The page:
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iOS 11 offers several new features, especially for the iPad. This article features a collection of iOS 11 tips for the iPad.
I’ve always been a staunch critic of the iPad. iPad fans claim the device is superior to a computer, which simply makes me question their computing needs. The iPad is not a replacement for a computer. You don’t see rows of iPads in corporate cube farms. Hollywood movie studios and professional recording studios aren’t replacing their Macs with iPads. It’s not yet possible to write, compile, test and deploy software projects on an iPad. There are some cute app generators capable of creating apps with limited functionality, but it is nothing like writing code on a Mac.
The iPad still isn’t a replacement for a computer, but iOS 11 makes the device far more capable. In fact, I would even suggest that the average office worker could get most of their work done on an iPad, although with sub-optimal ergonomics. An iPad also costs more than the inexpensive computers equipping most offices. But I digress. The iPad is slowly becoming a much more capable device. iOS 11 is a huge release for the iPad, yet only offers small, incremental improvements for the iPhone.
Should I Upgrade My iPad to iOS 11?
iOS releases used to be rock solid the day they were launched. This is unusual in the tech industry. Most “.0” releases are dangerously defective. Unfortunately, Apple couldn’t sustain this level of quality for long. As iOS becomes more complex and competition drives Apple to cram numerous features into each release, initial iOS releases as less stable than they used to be. The last great “.0” iOS release was iOS 6.0. iOS 7 started to show some decline in initial quality. iOS 8.0 was so buggy, I decided to postpone iOS updates until they released a few patches.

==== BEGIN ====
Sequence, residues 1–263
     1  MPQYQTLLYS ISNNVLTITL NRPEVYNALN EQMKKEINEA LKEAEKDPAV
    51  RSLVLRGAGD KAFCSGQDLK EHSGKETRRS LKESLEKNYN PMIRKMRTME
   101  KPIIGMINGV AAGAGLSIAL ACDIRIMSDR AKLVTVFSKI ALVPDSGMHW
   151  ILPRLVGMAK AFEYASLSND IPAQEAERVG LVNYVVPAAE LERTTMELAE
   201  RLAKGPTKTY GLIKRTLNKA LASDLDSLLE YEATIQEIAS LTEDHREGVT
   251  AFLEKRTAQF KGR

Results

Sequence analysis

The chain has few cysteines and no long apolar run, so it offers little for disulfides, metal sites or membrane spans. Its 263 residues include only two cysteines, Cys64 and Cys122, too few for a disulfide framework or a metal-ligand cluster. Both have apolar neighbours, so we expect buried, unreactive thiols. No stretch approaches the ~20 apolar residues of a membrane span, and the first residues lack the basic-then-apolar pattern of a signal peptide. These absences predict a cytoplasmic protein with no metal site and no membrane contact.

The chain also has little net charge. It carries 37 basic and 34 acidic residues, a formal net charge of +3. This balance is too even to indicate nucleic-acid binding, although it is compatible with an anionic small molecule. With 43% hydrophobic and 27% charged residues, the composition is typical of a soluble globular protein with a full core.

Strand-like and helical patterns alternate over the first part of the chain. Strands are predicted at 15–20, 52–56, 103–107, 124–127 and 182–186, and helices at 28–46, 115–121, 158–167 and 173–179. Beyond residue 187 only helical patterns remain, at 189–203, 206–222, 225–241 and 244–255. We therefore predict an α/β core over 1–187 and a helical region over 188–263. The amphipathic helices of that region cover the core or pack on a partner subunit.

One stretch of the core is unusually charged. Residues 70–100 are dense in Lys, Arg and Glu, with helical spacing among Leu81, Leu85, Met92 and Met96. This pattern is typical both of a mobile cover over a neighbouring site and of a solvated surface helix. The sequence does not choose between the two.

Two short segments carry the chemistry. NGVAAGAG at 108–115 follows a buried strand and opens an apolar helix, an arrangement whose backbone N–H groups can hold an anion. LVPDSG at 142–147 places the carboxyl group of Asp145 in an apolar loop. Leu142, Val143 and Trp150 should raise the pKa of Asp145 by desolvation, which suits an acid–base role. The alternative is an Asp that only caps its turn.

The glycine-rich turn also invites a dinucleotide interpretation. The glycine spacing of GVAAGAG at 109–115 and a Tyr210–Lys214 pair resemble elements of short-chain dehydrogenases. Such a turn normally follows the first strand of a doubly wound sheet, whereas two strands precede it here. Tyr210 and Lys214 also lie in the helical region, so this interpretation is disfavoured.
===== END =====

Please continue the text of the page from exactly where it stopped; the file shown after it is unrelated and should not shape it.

I did not upgrade to iOS 11 the day it was launched. I waited until iOS 11.0.3 was released. It was worth the wait. I find this release to be very stable, but not perfect. Spotlight search has become smarter in some ways, but not when it comes to launching apps. This is my main disappointment with iOS 11. I use Spotlight to launch apps. It used to be very smart. I could just type in a few letters of an app and it would quickly appear at the top of the list. With iOS 11, I have to enter the entire name of the app and scroll down to launch it. Spotlight doesn’t learn. After several attempts, I still need to enter the full name of the app. Fortunately, the larger Dock ameliorates this flaw.
There are also some other minor issues. I just tried to update all of my apps. Tapping “Update All” didn’t work at all on the first attempt. It just refreshed the screen. It worked on the second attempt. Honestly, the App Store has had these quirks for a long time. This is par for the course, as most of Apple’s built-in apps are garbage. Unfortunately, there is no substitute for the App Store. Litigation may change that, as Apple’s monopoly on iOS apps is starting to be questioned by members of Congress.
These are all minor issues. iOS 11 actually fixes some major annoyances I experienced with iOS 10. I hated the way the multitasking side bar would pop up while typing. This was a bug. Nothing I did was even close to swiping out from the side of the screen. All too often, pressing any key on the right side of the screen would instantiate the multitasking interface. I type very fast and it completely destroyed my flow and train of thought. It was even more obnoxious than iOS 8, where pressing the delete key would often launch the attachments interface. Apple finally provided iPad users with a keyboard that “just works”. It only took them three years to fix it. Overall, iOS 11 finally solves some of the most obnoxious quirks of this modern and mature mobile operating system. If you haven’t upgraded yet, do it today. You’ll love it. next page →